Friendships, Love, and Fiction

What is friendship? I’m tempted to quote the main character in Tuck, Everlasting and say “It just is!” Except it isn’t, not quite, if it ever was. Today we have friending someone on Facebook, unfriending someone, “to friend zone” as a verb, and who-knows-what else in floating around popular culture these days. I’ve raised eyebrows and hackles a few times when people asked “How many friends do you have” and my reply is “oh, four or five, at most.” This is not to say there are not a goodly number of people who I am friendly with. It is to say that my definition of “friend” is very tight. Friends are the people who, if they call at 3:00 AM and say they need help, I’m on the road, no questions asked. Because they’d do the same for me.

There are a lot more people who if they call at 8:00 AM and ask if I can help them with something, I’ll check my calendar or project list first. The distinction first came up when I was laying on my back on a creeper, scrubbing the belly of a Piper at the flying club spring wash day. One of the guys moved my jacket (draped over the top of a cooler) and observed that it smelled like woodsmoke. “Oh, I was at a party last night with some coworkers and acquaintances.”

“Why don’t you just say friends?” came the reply, followed by, “Hey! Root beer! Finally.” So I didn’t answer his question/comment. The answer would have been because only one of the 30 or so people was an individual I’d consider a friend. I don’t throw the word around like a lot of folks do. Call me old-fashioned, or peculiar, or exclusive, all are true to an extent.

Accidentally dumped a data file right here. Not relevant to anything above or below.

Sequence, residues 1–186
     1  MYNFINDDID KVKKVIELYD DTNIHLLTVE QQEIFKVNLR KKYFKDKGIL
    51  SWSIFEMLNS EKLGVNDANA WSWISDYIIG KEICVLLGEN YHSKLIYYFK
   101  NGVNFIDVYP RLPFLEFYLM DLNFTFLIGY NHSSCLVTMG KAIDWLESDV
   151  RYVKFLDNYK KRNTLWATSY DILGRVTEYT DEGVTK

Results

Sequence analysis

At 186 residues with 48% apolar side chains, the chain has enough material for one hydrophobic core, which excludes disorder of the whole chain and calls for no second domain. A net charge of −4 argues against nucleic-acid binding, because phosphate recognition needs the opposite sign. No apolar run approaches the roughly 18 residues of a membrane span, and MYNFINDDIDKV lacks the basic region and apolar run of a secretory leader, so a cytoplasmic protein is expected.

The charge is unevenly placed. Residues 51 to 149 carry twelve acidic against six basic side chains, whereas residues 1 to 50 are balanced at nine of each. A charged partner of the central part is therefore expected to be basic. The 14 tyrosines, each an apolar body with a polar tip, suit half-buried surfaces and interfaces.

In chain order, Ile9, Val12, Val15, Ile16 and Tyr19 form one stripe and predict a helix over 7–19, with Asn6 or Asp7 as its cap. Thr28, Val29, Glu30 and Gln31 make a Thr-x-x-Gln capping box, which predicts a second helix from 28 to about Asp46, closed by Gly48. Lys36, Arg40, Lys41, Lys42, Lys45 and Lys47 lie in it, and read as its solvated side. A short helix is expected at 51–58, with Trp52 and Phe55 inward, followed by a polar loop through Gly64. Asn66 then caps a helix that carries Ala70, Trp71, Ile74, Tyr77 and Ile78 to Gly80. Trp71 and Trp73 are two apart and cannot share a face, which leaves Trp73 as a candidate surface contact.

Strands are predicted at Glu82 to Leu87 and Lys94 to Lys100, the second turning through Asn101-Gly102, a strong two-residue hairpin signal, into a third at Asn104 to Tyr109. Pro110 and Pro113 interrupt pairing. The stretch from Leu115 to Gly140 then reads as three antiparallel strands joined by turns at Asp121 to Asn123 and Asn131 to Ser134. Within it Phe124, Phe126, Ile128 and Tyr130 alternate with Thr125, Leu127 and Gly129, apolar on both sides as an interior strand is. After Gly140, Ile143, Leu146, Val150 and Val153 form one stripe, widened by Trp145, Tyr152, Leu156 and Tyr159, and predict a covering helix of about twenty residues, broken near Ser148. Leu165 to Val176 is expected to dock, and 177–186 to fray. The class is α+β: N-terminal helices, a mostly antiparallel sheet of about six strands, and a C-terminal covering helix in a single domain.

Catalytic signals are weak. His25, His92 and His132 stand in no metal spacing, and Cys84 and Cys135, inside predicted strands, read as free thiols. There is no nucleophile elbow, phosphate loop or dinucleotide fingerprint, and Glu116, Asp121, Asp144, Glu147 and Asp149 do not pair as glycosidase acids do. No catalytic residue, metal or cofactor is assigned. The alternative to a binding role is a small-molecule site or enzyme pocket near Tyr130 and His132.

Why I started musing about the word was a piece over at the Mad Genius Club a few weeks ago about the “problem” of love in fiction, and the apparent inability of current culture to separate love from sex. The comments include some talk about the Greek concepts and shadings of types of live, including brotherly love and friendship-as-love. I’ve seen a couple of bloggers, usually current or former military, refer to a very, very close friend as “my brother-from-another-mother.” There is absolutely nothing sexual about it, or about fictional friendships. Some of the examples given are Holmes and Watson, Frodo and Sam from Lord of the Rings, and Pippen and Merry, whose friendship doesn’t have the class and service connotations that Frodo and Sam’s relationship does. I have two very good friends who are male, both married, and that doesn’t change our friendship one whit. I get along with their spouses quite well, too well, some people would say. (Look, we’re writers. That’s why we’re talking about poisons, blast radii, ancient curses, and how to bump off the nasty head of the lab who’s probably really a secret agent from [evil conspiracy group here] at a tea shop, over tea, sandwiches, and cream puffs. Relax.)

One of the points about fiction is it gives writers and readers a chance to explore ideas and relationships. Modern romance (and writing in general, including TV and film) seems locked on the idea that love and physical intimacy are synonyms, and that the only friend is one “withe benefits.” Thus any two people who are very close absolutely must be lovers, no matter what the author originally intended, or currently intends. To which I say, “Oh get a grip.” And get a life.